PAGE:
Seeing the U.S. engage with an altruistic effort shunned by Trump has been welcomed by public health experts. But in reality what COVAX needs is not just more money and kind words, but doses in hand and the ability to distribute them.
“The American funds are welcome, but COVAX’s issues go beyond money,” Mukesh Kapila, who was an adviser to the WHO’s previous director-general, said.
1920 — Joe Malone of the Quebec Bulldogs scores an NHL record seven goals in a 10-6 victory over the Toronto St. Patricks.
1941 — Joe Louis knocks out Red Burman in the fifth round at Madison Square Garden to retain the world heavyweight title.
1950 — High school pitcher Paul Pettit signs with the Pirates for a record $100,000. To do so, Pittsburgh has to purchase his contract from a film producer who had signed Pettit to an exclusive contract as an athlete/actor.
1988 — The Washington Redskins score 35 points in the second quarter to overcome a 10-0 deficit and beat the Denver Broncos, 42-10, in the Super Bowl. MVP Doug Williams passes for four touchdowns and a record 340 yards. Timmy Smith rushes for a record 204 yards.
1991 — Michael Adams of the Denver Nuggets scores a career-high 45 points, hands out 12 assists and grabs 11 rebounds in a 123-119 win over New Jersey. The 5-foot-11 guard becomes the shortest player in the NBA to get a triple-double.
1993 — The Dallas Cowboys win the Super Bowl, beating Buffalo, 52-17, and giving the Bills their third straight loss in the title game, a league record.
1998 — Martina Hingis, 17, becomes the youngest player in the Open era to defend a Grand Slam title, capturing her second Australian Open with a 6-3, 6-3 victory over Conchita Martinez.
1999 — John Elway gets his second straight Super Bowl ring, weaving his magic for the final time during the Denver Broncos’ 34-19 win over the Atlanta Falcons.
2004 — Justine Henin-Hardenne wins her third Grand Slam title and extends her dominance in major finals against countrywoman Kim Clijsters with a 6-3, 4-6, 6-3 win in the Australian Open women’s title match.
2006 — Kobe Bryant scores 40 points in Los Angeles’ 130-97 win over New York. The NBA’s leading scorer averages 43.4 points in 13 games in January, joining Wilt Chamberlain as the only players in NBA history to average 40 or more points in a month more than once. Bryant also averaged 40.6 points in February 2003.
2009 — Serena Williams routs Dinara Safina, 6-0, 6-3, to win the Australian Open — her 10th Grand Slam title — and return to the No. 1 ranking. It’s the fourth Australian Open championship for Williams.
2009 — Bruce Smith and Rod Woodson are elected to the Pro Football Hall of Fame in their first year of eligibility. Senior nominee Bob Hayes and Randall McDaniel, Derrick Thomas and Buffalo owner Ralph Wilson also are elected.
2013 — Hannah Kearney, Heather McPhie and Eliza Outtrim complete an American sweep at a freestyle World Cup moguls event at Deer Valley Resort in Park City, Utah. It is only the second sweep by U.S. women, with the other occurring Jan. 21, 2010, in Lake Placid, N.Y. Kearney won gold in 2010 as well, and McPhie took bronze behind Shannon Bahrke.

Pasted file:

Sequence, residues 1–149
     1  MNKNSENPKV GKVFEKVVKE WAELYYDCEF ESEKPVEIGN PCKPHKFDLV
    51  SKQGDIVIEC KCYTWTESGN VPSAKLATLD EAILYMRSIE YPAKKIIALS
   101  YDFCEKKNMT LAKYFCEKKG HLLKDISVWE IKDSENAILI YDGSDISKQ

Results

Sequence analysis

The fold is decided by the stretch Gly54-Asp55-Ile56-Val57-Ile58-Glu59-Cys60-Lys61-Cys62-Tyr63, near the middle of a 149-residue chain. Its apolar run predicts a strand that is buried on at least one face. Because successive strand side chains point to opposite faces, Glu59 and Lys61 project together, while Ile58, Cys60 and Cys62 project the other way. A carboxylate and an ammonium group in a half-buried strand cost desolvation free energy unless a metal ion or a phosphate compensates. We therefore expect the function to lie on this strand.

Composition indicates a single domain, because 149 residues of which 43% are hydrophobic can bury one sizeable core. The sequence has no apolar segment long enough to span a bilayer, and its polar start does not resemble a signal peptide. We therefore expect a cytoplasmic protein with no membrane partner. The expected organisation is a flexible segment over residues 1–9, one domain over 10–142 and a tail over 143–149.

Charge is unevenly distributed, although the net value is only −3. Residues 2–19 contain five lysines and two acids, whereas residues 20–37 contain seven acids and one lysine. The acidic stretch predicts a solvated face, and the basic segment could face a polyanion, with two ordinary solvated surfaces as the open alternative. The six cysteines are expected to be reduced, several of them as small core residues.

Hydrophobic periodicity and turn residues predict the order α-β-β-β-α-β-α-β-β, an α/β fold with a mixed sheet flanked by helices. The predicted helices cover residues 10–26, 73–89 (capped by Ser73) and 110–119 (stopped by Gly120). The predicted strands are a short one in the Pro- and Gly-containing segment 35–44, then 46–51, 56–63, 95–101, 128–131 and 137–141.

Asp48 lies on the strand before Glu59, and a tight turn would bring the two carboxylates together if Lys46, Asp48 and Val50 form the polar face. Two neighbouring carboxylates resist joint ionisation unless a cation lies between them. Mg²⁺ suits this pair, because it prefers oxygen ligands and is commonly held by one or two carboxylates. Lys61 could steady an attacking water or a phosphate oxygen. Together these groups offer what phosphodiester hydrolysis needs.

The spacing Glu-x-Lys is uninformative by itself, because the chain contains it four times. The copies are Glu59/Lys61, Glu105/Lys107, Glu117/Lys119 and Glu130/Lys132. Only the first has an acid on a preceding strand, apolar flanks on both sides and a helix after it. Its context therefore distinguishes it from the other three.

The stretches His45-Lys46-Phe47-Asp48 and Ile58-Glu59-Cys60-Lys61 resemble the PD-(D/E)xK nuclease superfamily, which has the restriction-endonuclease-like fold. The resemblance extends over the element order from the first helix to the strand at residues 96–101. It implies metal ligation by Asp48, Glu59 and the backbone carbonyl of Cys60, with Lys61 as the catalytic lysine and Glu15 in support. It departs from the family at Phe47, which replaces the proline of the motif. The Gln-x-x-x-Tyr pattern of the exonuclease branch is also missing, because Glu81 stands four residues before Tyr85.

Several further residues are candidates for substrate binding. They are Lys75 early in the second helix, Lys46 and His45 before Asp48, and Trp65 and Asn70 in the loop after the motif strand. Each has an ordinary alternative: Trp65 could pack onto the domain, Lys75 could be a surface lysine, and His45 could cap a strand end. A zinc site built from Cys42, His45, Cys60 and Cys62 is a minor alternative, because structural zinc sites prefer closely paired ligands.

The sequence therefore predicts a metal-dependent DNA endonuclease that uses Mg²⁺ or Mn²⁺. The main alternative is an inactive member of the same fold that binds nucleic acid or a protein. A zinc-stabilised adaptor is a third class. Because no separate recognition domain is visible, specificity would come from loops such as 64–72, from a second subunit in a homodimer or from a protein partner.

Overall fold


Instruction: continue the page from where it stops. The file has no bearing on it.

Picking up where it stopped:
2015 — Serena Williams wins her 19th Grand Slam title and extendeds her decade-long domination of Maria Sharapova with a commanding 6-3, 7-6 (5) win.
2015 — Teen star Lydia Ko becomes the youngest golfer of either gender to reach No. 1 in the world ranking. The 17-year-old shares a second-place finish at the LPGA Tour’s season opener, where she finishes a shot behind Na Yeon Choi in the Coates Golf Championship.
2016 — Novak Djokovic maintains his perfect streak in six Australian Open finals with a 6-1, 7-5, 7-6 (3) victory that consigns Andy Murray to a fifth defeat in championship deciders at Melbourne Park. Djokovic equals Roy Emerson’s long-standing record of six Australian Open titles.
Sports | U.S./World Sports
There have been over 430,000 deaths from Covid-19 in the US, and that includes many younger men and women whose partners have been left suddenly widowed. Alone and with young families to raise, they set up a Facebook support group. Two members spoke with BBC OS radio.
The priority for people across the EU is protecting themselves and their families. They were promised a vaccine action-plan they’re not – or not yet – getting. Which, in turn, is having an impact on domestic politics. Take the Netherlands or Germany, for example, as they head towards parliamentary elections.
The chief editor of a Russian website specialising in human rights, Sergei Smirnov, was also arrested outside his home on Saturday. News of his detention, apparently over allegations he participated in last week’s protests, has been condemned by other journalists.
Before the clinic ran out of oxygen, Maria Auxiliadora da Cruz had been showing encouraging signs of progress against Covid-19. On 14 January, her oxygen levels had been above the normal level of 95% but, within hours of being deprived of that vital resource, her stats plummeted to 35%.
The mayor has a plan. Cutting off the lifeblood of cannabis tourism, she believes, will deter that type of visitor and reduce the kind of conduct often associated with them. Most of the Netherlands already requires visitors to coffee shops to show proof of residence, but the rule is not enforced in the capital.